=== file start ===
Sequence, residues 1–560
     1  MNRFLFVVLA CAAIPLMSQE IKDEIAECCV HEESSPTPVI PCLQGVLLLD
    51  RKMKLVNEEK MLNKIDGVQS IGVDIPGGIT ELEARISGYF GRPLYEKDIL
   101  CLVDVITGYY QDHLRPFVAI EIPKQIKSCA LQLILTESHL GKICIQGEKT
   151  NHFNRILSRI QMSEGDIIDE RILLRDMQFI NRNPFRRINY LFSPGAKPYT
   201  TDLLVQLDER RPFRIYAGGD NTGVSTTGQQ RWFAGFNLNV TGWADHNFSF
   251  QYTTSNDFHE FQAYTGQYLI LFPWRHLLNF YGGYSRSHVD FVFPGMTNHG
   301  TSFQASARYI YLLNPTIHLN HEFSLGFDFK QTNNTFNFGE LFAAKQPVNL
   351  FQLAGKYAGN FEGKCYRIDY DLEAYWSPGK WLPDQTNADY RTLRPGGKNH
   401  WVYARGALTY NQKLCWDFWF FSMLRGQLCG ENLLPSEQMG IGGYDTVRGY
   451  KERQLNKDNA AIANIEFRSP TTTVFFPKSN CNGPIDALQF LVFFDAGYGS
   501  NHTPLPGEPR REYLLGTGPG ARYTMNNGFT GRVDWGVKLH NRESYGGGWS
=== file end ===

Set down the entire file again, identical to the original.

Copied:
Sequence, residues 1–560
     1  MNRFLFVVLA CAAIPLMSQE IKDEIAECCV HEESSPTPVI PCLQGVLLLD
    51  RKMKLVNEEK MLNKIDGVQS IGVDIPGGIT ELEARISGYF GRPLYEKDIL
   101  CLVDVITGYY QDHLRPFVAI EIPKQIKSCA LQLILTESHL GKICIQGEKT
   151  NHFNRILSRI QMSEGDIIDE RILLRDMQFI NRNPFRRINY LFSPGAKPYT
   201  TDLLVQLDER RPFRIYAGGD NTGVSTTGQQ RWFAGFNLNV TGWADHNFSF
   251  QYTTSNDFHE FQAYTGQYLI LFPWRHLLNF YGGYSRSHVD FVFPGMTNHG
   301  TSFQASARYI YLLNPTIHLN HEFSLGFDFK QTNNTFNFGE LFAAKQPVNL
   351  FQLAGKYAGN FEGKCYRIDY DLEAYWSPGK WLPDQTNADY RTLRPGGKNH
   401  WVYARGALTY NQKLCWDFWF FSMLRGQLCG ENLLPSEQMG IGGYDTVRGY
   451  KERQLNKDNA AIANIEFRSP TTTVFFPKSN CNGPIDALQF LVFFDAGYGS
   501  NHTPLPGEPR REYLLGTGPG ARYTMNNGFT GRVDWGVKLH NRESYGGGWS